Complex Regional Pain Syndrome (CRPS) - Reflex Sympathetic Dystrophy (RSD)
Complex regional pain syndrome (CRPS) is a type of chronic pain syndrome. CRPS was formerly called reflex sympathetic dystrophy (RSD) and shoulder-hand syndrome. CRPS causes severe burning pain and possible eventual deterioration of an affected arm or leg. The cause of CRPS is unknown, but it can develop following an injury, stroke, or heart attack. Prompt treatment is associated with the best outcomes. If untreated, CPRS can cause irreversible extremity deterioration.
The sympathetic nervous system is a part of the complex system that regulates involuntary bodily functions. These are bodily functions that run automatically and are necessary for life. Your sympathetic nervous system speeds up your heart rate, constricts your blood vessels, sends blood to your vital organs, raises your blood pressure, raises your blood sugar level, and increases sweating. It energizes your body for immediate action in response to an emergency or “flight or fight” situation.
The exact cause of CRPS is unknown. Researchers suspect that changes in the sympathetic nervous system lead to poor regulation of blood flow, sensation, and temperature. This contributes to problems involving the skin, nerves, blood vessels, bones, and muscles. Another theory is that it may be related to an immune response. CRPS can develop after an injury or infection in the arm or leg. It can occur after heart attacks, cancer, nerve compression, and strokes.
The symptoms of CRPS vary from person to person. Severe burning pain, joint stiffness, and swelling are hallmark symptoms of CRPS. It can affect an arm or leg. Three stages characterize CRPS. Not all people progress through all three of the stages. Some people may stay in the first stage indefinitely, and others may skip a stage.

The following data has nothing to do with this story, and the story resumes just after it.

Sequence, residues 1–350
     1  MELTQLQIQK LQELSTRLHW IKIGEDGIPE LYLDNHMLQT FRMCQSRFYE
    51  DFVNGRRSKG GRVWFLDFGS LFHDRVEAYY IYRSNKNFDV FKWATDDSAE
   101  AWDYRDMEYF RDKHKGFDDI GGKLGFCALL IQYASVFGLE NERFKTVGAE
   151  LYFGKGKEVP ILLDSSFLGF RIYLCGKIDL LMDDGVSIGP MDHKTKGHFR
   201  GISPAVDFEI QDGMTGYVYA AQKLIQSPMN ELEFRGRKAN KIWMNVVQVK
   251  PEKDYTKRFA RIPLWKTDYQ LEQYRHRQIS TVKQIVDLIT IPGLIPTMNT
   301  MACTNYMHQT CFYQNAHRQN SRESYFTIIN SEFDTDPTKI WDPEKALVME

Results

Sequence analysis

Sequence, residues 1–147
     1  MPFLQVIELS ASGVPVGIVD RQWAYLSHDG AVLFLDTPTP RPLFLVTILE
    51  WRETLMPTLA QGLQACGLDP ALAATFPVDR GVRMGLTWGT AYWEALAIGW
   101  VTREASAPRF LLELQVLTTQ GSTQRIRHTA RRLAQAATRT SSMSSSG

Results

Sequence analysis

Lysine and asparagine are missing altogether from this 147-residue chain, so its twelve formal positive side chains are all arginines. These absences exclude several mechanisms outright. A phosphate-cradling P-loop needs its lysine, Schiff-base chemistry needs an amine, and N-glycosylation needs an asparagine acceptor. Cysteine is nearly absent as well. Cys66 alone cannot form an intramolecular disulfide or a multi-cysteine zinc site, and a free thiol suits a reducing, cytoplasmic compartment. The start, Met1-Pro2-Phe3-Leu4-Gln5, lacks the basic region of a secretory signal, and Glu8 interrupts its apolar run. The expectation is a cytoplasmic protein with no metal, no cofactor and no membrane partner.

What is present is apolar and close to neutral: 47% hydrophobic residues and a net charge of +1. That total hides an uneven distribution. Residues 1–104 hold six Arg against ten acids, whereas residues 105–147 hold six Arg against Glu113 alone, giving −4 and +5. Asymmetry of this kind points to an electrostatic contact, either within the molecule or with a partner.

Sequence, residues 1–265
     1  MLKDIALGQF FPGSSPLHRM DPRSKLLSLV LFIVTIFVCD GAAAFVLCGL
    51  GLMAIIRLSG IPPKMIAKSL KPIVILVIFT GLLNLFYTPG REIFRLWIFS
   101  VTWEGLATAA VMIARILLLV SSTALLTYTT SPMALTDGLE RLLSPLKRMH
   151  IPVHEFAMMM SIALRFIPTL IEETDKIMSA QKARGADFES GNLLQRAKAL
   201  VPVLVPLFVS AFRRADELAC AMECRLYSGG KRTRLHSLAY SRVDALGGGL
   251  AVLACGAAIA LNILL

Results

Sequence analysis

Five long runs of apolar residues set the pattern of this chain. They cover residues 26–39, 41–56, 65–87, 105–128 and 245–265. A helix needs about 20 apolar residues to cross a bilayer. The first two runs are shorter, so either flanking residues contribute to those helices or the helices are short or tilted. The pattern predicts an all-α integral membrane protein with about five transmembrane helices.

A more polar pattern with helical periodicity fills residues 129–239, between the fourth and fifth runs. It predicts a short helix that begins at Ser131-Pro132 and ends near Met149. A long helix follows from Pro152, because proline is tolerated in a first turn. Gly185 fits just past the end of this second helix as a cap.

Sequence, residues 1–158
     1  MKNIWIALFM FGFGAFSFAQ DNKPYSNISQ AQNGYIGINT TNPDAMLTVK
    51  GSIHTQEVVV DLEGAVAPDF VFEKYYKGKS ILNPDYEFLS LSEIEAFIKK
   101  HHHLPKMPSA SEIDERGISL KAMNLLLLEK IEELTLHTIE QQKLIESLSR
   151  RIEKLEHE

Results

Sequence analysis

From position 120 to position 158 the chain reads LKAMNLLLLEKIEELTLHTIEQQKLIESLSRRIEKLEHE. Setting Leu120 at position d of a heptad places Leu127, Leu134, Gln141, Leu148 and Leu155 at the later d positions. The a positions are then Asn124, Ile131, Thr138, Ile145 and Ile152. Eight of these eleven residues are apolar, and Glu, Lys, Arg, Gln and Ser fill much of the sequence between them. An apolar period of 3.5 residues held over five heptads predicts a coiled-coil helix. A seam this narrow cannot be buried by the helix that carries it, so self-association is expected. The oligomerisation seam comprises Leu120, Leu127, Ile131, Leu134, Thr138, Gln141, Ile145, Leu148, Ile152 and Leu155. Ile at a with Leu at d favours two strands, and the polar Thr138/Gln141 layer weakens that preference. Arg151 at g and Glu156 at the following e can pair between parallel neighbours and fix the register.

Stage I occurs at the onset of CRPS and can last about three months. You may feel burning pain, stiffness, increased sweating, and warmth in your affected limb. Your nails and hair may grow faster than usual. Your skin may become dry, thin, and change color.
Stage II CRPS lasts from three to twelve months. You may experience an increase in swelling. Your skin may become cooler and more sensitive to touch. Your pain may become more widespread. Your joints and muscles may become stiffer.
Stage III occurs from one year on. Changes in Stage III may be irreversible and permanent. The pain may spread to your entire limb. Your joints may be very stiff and very difficult to move. You may experience muscle wasting and contractures.
Early diagnosis of CRPS is important for the best treatment results. Your doctor can diagnose CRPS by reviewing your medical history and conducting a physical examination. You should tell your doctor about your symptoms and their progression. Your doctor will examine your limb for skin changes, swelling, changes in blood flow, and loss of mobility. Your doctor may order tests such as X-rays, bone scans, or nerve studies. There is no test, however, that can diagnose specifically CRPS.
To ensure the best outcome, it is important to start treatment as soon as possible. Treatment for CRPS includes medications, rehabilitation therapy, injections and surgery. There is no true cure for CRPS, but treatments in the early stages can prevent the disease from progressing, and cause them to regress. Treatment goals during the advanced stages are aimed at symptom relief and improving function.
Your doctor can prescribe medications to help ease your symptoms. A combination of medications may be used including pain relievers, antidepressants, blood pressure medications, and steroids. Injected pain relieving medications, spinal cord stimulation, and implanted medication delivery pumps may provide pain relief for longer periods of time. Hand therapy can help ease your symptoms and regain function in your limb.
Surgery is rarely indicated for CRPS. For those cases in which the syndrome is caused by nerve injury or compression, surgery to resolve the problem can help relieve symptoms.
CRPS that is treated in the early stages has the best outlook. If treated early, CRPS can go into an inactive state and function is optimized. If CRPS is not diagnosed and treated promptly, irreversible changes can occur in the involved extremity.
There is no known prevention for CRPS. Prompt treatment may prevent the progression of symptoms.